Rolex Datejust Interesting Facts
Rolex Datejust Facts
Ever wonder about the interesting facts surrounding your favorite Rolex? Well, stick with us. First up, let’s take a look at the iconic Datejust. Our Rolex Datejust facts take us back decades. No doubt, the Datejust is arguably THE iconic Rolex dress watch – and probably number two on the Rolex roster behind the Submariner.
The Rolex Datejust comes in four flavors, not counting the Lady and Oysterquartz versions. But we’ll cover those in future posts. The four we’ll discuss here are the Datejust, the Datejust Midsize, the Datejust Turn-O-Graph, and the recently introduced Datejust II.
Bubble Back By Lottery
In 1945, they introduced the 36mm Datejust as the Jubilee Datejust to celebrate Rolex’s 40th anniversary. That first version, a ref. 4467, was a bubble back and was only available in 18K gold. Our Rolex Datejust facts reveal that when that watch was first introduced, Rolex took out an ad in the Tribune de Geneve, announcing the watch. But the first 100 pieces were not available from Rolex retailers. Apparently, the only way people could get one was by participating in a lottery, which they entered by mailing in a coupon from the newspaper ad.
From Cyclops To Two Tone
In 1954, the facts lead us to when Rolex introduced the cyclops over the date window. Then, in 1957, they introduced the stainless steel version of the Datejust. Consequently, it began outselling the gold version. As a result, It was 1962 when Rolex introduced a stainless and gold version.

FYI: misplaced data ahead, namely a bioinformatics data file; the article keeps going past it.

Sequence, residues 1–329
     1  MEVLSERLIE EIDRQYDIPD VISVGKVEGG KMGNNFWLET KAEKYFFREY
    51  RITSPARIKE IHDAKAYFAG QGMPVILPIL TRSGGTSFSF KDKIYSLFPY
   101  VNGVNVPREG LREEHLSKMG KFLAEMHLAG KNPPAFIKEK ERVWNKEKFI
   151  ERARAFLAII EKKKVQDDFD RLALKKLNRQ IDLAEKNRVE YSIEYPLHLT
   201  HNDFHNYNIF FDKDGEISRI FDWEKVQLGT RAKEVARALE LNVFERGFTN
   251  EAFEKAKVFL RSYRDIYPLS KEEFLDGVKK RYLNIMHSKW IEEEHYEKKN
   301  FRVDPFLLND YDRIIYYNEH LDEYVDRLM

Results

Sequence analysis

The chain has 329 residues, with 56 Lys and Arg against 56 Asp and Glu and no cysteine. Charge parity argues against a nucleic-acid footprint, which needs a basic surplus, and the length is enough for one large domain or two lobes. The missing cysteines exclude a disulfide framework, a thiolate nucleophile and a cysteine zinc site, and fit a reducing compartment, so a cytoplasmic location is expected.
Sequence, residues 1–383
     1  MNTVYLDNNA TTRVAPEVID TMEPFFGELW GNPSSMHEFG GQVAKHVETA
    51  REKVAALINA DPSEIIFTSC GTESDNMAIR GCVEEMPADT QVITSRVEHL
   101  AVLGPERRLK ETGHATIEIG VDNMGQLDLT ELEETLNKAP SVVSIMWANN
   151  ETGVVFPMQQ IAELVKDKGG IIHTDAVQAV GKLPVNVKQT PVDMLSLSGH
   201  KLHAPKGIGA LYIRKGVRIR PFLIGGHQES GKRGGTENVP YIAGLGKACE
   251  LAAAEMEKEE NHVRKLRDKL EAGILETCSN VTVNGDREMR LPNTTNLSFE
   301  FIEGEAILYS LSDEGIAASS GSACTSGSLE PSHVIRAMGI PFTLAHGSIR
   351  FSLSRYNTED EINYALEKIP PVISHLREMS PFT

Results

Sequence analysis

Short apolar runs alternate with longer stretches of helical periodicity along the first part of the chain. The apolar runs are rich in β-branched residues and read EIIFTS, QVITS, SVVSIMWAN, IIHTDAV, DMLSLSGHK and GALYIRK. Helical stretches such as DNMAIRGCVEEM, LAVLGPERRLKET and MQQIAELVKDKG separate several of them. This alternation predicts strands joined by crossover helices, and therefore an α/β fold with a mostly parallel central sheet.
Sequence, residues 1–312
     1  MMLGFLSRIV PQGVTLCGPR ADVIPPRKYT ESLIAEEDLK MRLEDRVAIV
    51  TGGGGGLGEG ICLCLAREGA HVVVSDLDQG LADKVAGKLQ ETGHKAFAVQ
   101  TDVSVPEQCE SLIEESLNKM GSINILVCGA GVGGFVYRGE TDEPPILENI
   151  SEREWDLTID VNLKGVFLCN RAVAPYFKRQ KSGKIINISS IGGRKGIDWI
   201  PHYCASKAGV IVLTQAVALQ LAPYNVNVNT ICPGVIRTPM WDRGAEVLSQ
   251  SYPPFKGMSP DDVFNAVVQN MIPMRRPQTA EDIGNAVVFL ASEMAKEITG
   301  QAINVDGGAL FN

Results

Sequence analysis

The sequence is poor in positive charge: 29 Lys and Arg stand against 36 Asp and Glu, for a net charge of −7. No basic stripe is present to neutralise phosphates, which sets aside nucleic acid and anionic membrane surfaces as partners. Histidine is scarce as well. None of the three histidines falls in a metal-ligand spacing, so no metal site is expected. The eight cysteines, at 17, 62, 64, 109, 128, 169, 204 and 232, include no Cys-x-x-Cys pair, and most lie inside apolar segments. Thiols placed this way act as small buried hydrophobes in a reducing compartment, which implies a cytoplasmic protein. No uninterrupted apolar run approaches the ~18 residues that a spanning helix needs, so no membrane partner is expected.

A Presidential Fact
On December 19, 1950, it was a solid gold Datejust, ref. 6305, not a Day Date, that was given to future President Dwight D. Eisenhower. This was to commemorate the victory of WWII. In fact, it was the 150,000th certified chronometer that Rolex produced. Now, you may have seen photos of Ike wearing his Datejust and noticed it has a cyclops crystal – even though he received his watch in 1950 before the cyclops was introduced. That’s because Rolex retrofitted his watch with the newer crystal during a routine maintenance.
Now, A Few Facts About Each Of The Other Models…Rolex Datejust II
In 2009, Rolex introduced the Datejust II. The fact is, this is a larger 41mm version of the Datejust as a nod to the general trend in larger watches.
The Datejust Midsize is the 31mm version of the Datejust. As of 2014, it’s also known as the Datejust Lady 31. In that guise it features Roman numerals or jewels for hour markers on the dial, and is available in a wide variety of metals, bezels, and dials.
The Datejust Turn-O-Graph
The Datejust Turn-O-Graph was also called the Thunderbird. It was originally favored by pilots in the 1950s due to its rotating bezel with minute indication. The Thunderbird was introduced in 1955 and discontinued in the late 1970s, due to lagging sales. A modern version was introduced in the early 2000s, but was shortly discontinued, again due to lack of consumer interest.
That’s the skinny on the history about Rolex Datejust. Keep your eye here on the BeckerTime blog for future posts on the Day-Date, the Submariner, the Explorer, the Milgauss, the GMT, and other watches Rolex has produced over the last several decades.